When I rebuilt my production PC at the beginning of November, I came face-to-face with a new incarnation of Intel’s Driver Update Utility aka DUU. Now out in version 2.0, the tool no longer depends on ActiveX running inside a Web browser (based on software from a company charmingly named “Husdawg”) to do its thing. Now there’s a full fledged Windows executable to handle the tasks involved in checking Intel drivers on a target PC. And given the scope of devices that Intel provides for most modern PCs nowadays — namely, processors, chipsets, USB controllers, display and audio controllers, and a whole lot more — there’s a lot for this utility to do when it’s run on a typical host.
Sure, the DUU still scans for and grabs drivers, but it now runs standalone and offers all kinds of other info, too.
In addition to scanning your PC and checking the drivers it finds installed, comparing those to the ones it knows about on the Intel site and that are judged to be compatible with your hardware, and providing links to new drivers available for download — a process the program calls “Auto detect and recommend drivers” — the new DUU also offers:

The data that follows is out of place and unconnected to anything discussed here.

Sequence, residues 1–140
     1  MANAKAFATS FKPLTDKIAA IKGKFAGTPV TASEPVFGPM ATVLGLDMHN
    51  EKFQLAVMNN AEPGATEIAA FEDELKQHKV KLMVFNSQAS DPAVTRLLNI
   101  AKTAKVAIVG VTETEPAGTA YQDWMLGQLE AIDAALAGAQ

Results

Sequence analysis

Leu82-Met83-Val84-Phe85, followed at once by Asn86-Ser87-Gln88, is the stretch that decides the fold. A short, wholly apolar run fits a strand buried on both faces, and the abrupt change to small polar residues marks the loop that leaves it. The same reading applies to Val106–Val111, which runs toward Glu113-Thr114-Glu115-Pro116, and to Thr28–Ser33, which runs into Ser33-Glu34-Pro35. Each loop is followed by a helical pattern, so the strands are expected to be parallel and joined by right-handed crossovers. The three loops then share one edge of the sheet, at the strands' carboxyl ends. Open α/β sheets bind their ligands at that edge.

- Links to “the latest intel driver news and updates:” a page in the Intel download center with links to a user survey input form for the newly-rebuilt tool, plus links to versions 1 and 2 of this tool.
- Tracking of your downloads and installs using the tool, along with your download history, and a variety of program settings you can control, including the ability to target some other directory to receive file downloads, besides the default Downloads directory associated with the current logged-in account.
- Easy access to the Intel download center to search for drivers manually.
- Access to online help files, primarily through a series of FAQs on the Intel website.
Admins in charge of maintaining standard system images who have to keep drivers up-to-date will find this tool both useful and informative. But because Intel categorically refuses to recommend their latest driver versions until they’ve been tested and vetted with specific hardware configurations (including yours, perhaps?) this utility is not the be-all or end-all for obtaining and applying Intel driver updates.
In fact, it’s also good to note that the French website Station Drivers tracks the latest Intel drivers carefully and closely (and those of many other vendors besides) and is thus a great alternate source for the most current drivers available for Windows PCs, both WHQL and experimental or beta. Where they get this stuff and how they come up with it is a mystery, but it’s been a treasure trove for the latest drivers for me for years, and should also be on your favorites or bookmarks for those times when you know a new driver fixes some problem you’ve got, but you just can’t find the darned thing. Station Drivers may not always have what you’re seeking, but many times, it will!